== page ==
Internalizing symptoms in very low birth weight preschoolers: Symptom level and risk factors from four rating perspectives in a controlled multicenter study

Nadine Helle, Claus Barkmann, Stephan Ehrhardt, Axel von der Wense, Yvonne Nestoriuc, Carola Bindt

Research output: Contribution to journalArticle

Abstract

Background: Preterm births rates of infants with very low birth weight (VLBW < 1500 g) are increasing. Prematurity poses several risks for emotional child development, e.g., internalizing symptoms. Our understanding of this condition in young children is limited, for at preschool age, symptoms have mostly been assessed from the mother's perspective only. Methods: As part of the longitudinal HaFEn cohort-study in Hamburg, Germany, we measured the level of internalizing symptoms in VLBW and term preschoolers as well as predictors from four informants’ perspectives: mother, father, teacher, and child. A multilevel model was constructed to examine predictors of internalizing symptoms. n = 104 VLBW and n = 79 term children were included. Results: From both their parents’ perspective, children with VLBW had a significantly higher level of internalizing symptoms. From the teacher's and child's own perspectives, there were no significant mean group differences. In the multilevel analyses, the results were different regarding the four perspectives. VLBW did not predict internalizing symptoms. From mother's perspective, her own postpartum psychological distress, and from father's perspective, his postpartum and current psychological distress predicted a higher level of internalizing symptoms in their offspring. From teacher's perspective, socio-economic status predicted internalizing symptoms. Limitations: The sample size was relatively small. Exclusion criteria and drop out of families could have created some selection bias. Conclusions: Our findings point to the importance of early identification of parental postpartum psychological distress given the potential for later internalizing symptoms in their children or the perception of their offspring as vulnerable and symptomatic, which may also impact the child's development.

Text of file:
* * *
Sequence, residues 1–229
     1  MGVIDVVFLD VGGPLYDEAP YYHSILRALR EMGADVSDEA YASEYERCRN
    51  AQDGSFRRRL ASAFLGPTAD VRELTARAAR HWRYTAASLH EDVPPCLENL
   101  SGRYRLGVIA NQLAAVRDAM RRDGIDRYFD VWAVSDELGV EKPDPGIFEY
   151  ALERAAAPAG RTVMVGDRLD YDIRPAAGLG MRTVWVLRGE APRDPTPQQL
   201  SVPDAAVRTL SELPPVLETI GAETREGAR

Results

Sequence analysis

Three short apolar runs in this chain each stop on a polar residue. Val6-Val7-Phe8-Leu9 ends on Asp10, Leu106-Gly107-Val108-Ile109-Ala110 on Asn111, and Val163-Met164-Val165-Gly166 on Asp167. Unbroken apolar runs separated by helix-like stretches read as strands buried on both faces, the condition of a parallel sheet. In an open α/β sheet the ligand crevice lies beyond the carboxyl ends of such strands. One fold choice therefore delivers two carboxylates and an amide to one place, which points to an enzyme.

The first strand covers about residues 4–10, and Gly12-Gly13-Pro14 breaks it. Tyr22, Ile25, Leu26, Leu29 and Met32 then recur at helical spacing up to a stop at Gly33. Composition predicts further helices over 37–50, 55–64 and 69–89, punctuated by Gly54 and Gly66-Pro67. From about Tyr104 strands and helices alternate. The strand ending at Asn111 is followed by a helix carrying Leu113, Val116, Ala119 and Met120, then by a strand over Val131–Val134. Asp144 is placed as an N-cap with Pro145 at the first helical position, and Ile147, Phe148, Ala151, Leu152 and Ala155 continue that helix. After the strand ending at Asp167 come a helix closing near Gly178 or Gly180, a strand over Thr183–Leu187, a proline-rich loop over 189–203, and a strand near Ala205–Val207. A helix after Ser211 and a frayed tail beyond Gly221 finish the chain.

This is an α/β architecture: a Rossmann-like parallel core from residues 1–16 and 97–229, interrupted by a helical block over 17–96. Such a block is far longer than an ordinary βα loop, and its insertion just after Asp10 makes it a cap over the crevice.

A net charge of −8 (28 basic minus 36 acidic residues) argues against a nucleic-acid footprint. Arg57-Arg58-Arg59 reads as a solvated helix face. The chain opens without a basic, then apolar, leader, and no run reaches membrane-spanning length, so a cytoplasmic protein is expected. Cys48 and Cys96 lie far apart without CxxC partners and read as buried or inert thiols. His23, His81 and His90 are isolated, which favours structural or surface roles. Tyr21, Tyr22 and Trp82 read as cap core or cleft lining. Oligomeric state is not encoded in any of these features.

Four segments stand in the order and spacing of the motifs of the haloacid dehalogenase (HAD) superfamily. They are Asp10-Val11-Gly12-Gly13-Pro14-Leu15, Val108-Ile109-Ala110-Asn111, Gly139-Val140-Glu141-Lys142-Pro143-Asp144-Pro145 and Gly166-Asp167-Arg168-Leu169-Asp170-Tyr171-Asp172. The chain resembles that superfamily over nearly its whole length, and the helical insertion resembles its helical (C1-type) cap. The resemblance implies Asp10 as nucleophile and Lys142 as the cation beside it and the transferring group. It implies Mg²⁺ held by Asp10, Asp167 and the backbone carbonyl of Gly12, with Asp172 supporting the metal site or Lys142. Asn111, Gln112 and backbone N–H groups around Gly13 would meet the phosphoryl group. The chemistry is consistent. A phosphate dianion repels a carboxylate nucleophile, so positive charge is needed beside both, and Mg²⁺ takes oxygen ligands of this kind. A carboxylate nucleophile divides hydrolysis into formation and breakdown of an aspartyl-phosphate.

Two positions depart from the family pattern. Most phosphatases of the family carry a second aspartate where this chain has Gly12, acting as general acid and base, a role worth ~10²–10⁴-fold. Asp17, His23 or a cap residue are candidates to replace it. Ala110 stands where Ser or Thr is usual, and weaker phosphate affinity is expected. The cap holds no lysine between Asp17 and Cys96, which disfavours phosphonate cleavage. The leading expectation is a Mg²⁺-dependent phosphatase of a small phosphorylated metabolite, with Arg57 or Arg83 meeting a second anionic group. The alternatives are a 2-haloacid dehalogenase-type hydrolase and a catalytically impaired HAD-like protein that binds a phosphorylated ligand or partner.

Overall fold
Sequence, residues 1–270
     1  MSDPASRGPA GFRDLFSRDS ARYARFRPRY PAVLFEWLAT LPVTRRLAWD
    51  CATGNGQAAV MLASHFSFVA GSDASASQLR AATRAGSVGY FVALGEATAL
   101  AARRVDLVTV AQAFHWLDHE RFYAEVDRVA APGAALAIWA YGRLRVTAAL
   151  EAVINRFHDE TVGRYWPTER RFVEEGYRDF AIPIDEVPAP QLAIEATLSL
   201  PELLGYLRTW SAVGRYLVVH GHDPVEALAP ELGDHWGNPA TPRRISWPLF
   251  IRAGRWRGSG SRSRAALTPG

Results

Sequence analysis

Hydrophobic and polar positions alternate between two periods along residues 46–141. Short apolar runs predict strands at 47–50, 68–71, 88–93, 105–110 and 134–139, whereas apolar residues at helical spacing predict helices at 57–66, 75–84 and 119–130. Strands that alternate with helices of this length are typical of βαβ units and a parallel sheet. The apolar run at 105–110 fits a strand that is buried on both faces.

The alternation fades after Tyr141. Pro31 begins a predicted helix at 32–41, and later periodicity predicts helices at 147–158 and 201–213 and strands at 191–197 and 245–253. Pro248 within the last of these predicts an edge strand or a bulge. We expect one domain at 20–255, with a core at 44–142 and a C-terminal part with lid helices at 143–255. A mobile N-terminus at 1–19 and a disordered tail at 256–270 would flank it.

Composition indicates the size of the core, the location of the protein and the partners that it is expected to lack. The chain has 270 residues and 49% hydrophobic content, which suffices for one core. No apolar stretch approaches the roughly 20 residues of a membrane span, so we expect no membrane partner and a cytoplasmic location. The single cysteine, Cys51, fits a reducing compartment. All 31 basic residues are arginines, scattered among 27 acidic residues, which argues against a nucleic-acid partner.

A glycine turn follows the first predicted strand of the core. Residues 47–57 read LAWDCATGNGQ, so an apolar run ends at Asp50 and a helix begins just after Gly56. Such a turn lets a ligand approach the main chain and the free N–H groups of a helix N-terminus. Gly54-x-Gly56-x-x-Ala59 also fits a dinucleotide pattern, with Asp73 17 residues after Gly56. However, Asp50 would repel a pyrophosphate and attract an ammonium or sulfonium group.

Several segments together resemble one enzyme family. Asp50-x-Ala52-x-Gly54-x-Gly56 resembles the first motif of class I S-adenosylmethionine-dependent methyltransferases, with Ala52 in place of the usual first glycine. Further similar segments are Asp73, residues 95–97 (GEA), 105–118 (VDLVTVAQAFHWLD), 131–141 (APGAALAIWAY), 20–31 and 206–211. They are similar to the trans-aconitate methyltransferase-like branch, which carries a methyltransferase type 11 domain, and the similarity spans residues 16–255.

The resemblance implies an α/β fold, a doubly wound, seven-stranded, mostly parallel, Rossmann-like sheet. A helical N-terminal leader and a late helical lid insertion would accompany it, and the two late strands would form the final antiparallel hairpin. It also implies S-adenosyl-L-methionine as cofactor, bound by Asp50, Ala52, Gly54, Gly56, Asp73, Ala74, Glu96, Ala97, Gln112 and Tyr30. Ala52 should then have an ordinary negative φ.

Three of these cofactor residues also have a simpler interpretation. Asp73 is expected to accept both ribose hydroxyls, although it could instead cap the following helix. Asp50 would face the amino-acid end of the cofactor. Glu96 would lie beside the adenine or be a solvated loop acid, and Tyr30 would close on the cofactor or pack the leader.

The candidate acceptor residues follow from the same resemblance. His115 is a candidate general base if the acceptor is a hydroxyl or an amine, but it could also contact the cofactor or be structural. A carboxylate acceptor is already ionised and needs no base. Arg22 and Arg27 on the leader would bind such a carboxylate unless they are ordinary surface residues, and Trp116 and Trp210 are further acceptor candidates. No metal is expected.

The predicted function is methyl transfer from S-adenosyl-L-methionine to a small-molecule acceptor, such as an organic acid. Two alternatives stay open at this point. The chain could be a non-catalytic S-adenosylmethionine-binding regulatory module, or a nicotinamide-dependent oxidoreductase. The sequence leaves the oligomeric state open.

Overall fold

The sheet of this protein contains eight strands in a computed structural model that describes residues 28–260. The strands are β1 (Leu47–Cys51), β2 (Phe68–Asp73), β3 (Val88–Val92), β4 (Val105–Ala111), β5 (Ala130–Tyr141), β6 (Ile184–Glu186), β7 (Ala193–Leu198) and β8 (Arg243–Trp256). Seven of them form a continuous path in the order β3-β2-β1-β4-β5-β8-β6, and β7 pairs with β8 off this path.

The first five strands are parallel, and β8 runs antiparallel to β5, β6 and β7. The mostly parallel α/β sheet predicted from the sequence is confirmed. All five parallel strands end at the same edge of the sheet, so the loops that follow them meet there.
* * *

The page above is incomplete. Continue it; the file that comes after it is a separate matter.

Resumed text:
Original languageEnglish (US)
Pages (from-to)74-81
Number of pages8
JournalJournal of Affective Disorders
Volume246
DOIs
StatePublished - Mar 1 2019

Keywords

  • Internalizing symptoms
  • Parental psychological distress
  • Preschoolers
  • Preterm
  • Risk factors

ASJC Scopus subject areas

  • Clinical Psychology
  • Psychiatry and Mental health

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